D+AS MAGAZINE

TECHNICAL TIPS — 10 Myths About the New Garage Door Certification Program

© 2009 Door & Access Systems
Publish Date: Spring 2009
Author: Joe Hetzel
Page 58


TECHNICAL TIPS

10 Myths About the New Garage Door Certification Program

By Joe Hetzel, DASMA Technical Director

On July 1, 2008, DASMA made available to manufacturers a voluntary, code-compliant garage door certification program applying to wind-load and windborne-debris-resistance performance of products. On March 1, 2009, the state of Florida will require the equivalent of product certification.

A DASMA-sponsored certification program allows our industry, not an outside agency, to control the content and administration of the program. DASMA is currently in the extensive process of having the program accredited through the American National Standards Institute (ANSI).

Inquiries and discussions on the subject have led us to identify the following 10 myths about product certification as applying to garage doors.

Myth #1: Certification is the only means of demonstrating garage door performance in high winds.

Truth: Four alternatives exist for demonstrating wind performance of garage doors: a test report, a rational analysis prepared by a registered design professional, an evaluation report prepared by an evaluation entity, and certification.

Myth #2: DASMA is promoting certification over the other methods of demonstrating wind performance.

Truth: DASMA is neutral regarding the methods available to manufacturers for demonstrating performance. State and local regulatory agencies determine what is acceptable.

Myth #3: A DASMA certification program is unnecessary.

Truth: Requirements in Florida alone make it necessary for DASMA to offer the certification option. In Florida, the equivalent of product certification became a requirement on March 1, 2009.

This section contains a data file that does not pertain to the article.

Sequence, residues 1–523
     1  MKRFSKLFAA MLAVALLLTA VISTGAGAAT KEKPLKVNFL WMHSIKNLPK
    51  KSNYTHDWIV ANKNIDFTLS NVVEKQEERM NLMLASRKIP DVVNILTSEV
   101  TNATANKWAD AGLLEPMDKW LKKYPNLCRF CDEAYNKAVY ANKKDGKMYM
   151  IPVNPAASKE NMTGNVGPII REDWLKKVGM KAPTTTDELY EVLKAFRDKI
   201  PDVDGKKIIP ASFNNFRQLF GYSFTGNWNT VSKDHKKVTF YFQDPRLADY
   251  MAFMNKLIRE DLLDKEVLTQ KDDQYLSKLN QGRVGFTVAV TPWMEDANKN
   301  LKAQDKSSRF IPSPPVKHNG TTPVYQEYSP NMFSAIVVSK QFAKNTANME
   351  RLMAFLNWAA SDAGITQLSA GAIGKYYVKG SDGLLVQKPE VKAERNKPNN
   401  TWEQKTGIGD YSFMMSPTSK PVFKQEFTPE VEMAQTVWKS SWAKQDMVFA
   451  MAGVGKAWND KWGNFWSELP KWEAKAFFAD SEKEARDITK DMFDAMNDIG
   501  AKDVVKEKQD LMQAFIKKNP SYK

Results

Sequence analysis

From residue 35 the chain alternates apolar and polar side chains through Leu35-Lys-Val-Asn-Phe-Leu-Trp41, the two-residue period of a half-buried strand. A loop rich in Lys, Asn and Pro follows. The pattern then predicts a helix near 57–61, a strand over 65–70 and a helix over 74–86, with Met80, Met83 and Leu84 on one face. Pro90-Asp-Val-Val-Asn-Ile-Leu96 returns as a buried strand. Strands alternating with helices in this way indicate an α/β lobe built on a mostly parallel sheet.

Myth #4: Certification is uncommon in exterior building products.

Truth: Product certification programs are in place for siding, shingles, skylights, windows, sliding glass doors, and entry doors.

Myth #5: Nationwide building product certification is uncommon.

Truth: ICC codes require product certification for windows, skylights, and sliding glass doors.

Myth #6: DASMA garage door certification is limited to DASMA garage door manufacturer members.

Truth: Certification is open to any manufacturer who meets the definition of a manufacturer within the certification program documents. To start the process, manufacturers should contact Dan Wise of Architectural Testing, program administrator, at 717-764-7700 or dwise@archtest.com.

Myth #7: The DASMA certification program has no added value as compared to any other performance alternative.

Truth: The purpose of the DASMA certification program is to offer a performance alternative that meets the requirements of a certification program as dictated by building codes. Having an independent validator—and eventual ANSI accreditation—sets the certification program apart from the other alternatives.

Myth #8: The certification program is only good for Florida.

Truth: Once ANSI accreditation is obtained, the certification program will be acceptable anywhere code-compliant certification is enforced, including Florida.

Myth #9: If manufacturer interest is limited, the program should not be offered.

Truth: The membership of DASMA approved the program, acknowledging the need to have a program available in the event that a state or local jurisdiction begins enforcement of code-compliant certification.

Myth #10: Certification is a manufacturer issue. Dealers don’t need to worry about it.

Truth: Certification involves the dealer wherever certification-level requirements are enforced, because dealers must submit the documentation to local authorities.

Dealers should remain alert for developments in their market areas relating to product labeling and changes in product acceptance requirements. Dealers should immediately communicate this information to their manufacturer suppliers.

DASMA stands ready to work with manufacturers on any state or local basis to educate authorities on product performance documentation options.

To respond to this article, send an e-mail to the editor (daseditor@dasma.com) or to Joe Hetzel (jhetzel@thomasamc.com)